Human Teaches Robot Ping Pong, Then Challenges It

Can robots learn from humans interactively and cooperatively? In the following video, roboticist Katharina Muelling generously imparts her ping pong expertise to a Barrett WAM arm robot equipped with her team's mixture of movement primitives (MoMP) algorithm, then plays against the robot.


(Robot learns ping pong from roboticist video)

In this paper, we presented a new framework that enables a robot to learn basic cooperative table tennis. To achieve this goal, we created an initial movement library from kinesthetic teach-in and imitation learning. The movements stored in the movement library can be selected and generalized using a mixture of movement primitives algorithm. As a result, we obtain a task policy that is composed of several movement primitives weighted by their ability to generate successful movements in the given task context. These weights are computed by a gating network and can be updated autonomously.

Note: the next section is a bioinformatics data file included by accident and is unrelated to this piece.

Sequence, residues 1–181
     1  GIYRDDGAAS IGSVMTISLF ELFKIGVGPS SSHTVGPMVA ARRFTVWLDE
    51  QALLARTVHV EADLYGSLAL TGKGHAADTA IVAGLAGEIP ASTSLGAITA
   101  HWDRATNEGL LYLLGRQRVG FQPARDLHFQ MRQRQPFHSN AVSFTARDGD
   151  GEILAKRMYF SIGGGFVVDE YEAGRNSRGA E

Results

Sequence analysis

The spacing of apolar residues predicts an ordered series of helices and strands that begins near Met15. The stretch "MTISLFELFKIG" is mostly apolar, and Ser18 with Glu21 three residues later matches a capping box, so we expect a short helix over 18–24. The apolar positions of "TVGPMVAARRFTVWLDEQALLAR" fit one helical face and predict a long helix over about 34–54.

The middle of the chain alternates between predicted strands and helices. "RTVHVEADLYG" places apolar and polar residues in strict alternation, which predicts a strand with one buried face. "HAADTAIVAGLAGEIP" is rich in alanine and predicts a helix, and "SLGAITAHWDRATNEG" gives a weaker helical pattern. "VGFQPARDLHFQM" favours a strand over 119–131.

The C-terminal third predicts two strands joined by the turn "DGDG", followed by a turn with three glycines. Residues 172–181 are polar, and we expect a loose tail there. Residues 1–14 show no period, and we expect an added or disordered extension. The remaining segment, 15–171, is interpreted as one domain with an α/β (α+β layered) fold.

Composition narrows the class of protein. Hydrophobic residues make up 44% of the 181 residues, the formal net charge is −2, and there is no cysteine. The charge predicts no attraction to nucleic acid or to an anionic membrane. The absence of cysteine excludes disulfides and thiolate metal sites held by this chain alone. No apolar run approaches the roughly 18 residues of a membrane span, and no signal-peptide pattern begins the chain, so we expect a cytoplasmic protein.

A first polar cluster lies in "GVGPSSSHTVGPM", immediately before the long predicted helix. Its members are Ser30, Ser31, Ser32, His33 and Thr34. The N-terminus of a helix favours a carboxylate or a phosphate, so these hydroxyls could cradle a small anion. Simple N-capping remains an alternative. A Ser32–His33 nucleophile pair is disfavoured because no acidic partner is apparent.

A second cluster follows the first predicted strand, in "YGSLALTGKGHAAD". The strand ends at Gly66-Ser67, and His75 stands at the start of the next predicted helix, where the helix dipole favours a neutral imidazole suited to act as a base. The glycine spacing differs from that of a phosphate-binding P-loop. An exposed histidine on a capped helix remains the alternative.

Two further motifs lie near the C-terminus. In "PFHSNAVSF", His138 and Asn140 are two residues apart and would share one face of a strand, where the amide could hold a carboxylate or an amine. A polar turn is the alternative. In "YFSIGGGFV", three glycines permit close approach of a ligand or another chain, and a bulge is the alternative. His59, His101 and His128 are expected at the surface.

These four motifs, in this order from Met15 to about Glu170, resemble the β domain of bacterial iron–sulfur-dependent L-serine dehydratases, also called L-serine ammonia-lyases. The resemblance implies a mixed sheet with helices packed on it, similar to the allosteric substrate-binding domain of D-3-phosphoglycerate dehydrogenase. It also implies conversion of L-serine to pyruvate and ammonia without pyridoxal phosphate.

The setup was evaluated successfully in a simulated and real table tennis environment. We showed in our experiments that both (i) selecting movement primitives from a library based on the current task context instead of using only a single demonstration and (ii) the adaptation of the selection process during a table tennis game improved the performance of the table tennis player. As a result, the system was able to perform a game of table tennis against a human opponent.
(Learning to Select and Generalize Striking Movements in Robot Table Tennis)

In his 1960 short story Callahan and the Wheelies, Stephen Barr describes robots that can learn by watching humans; in this case, they learn to recharge themselves.

To get some idea of how robotics progresses, see this 2009 video showing Katharina Muelling teaching the ping pong learning robot. See also this video showing how a robot chef learns by demonstration.

Read more about Katharina Muelling; via New Scientist.

Scroll down for more stories in the same category. (Story submitted 10/31/2012)

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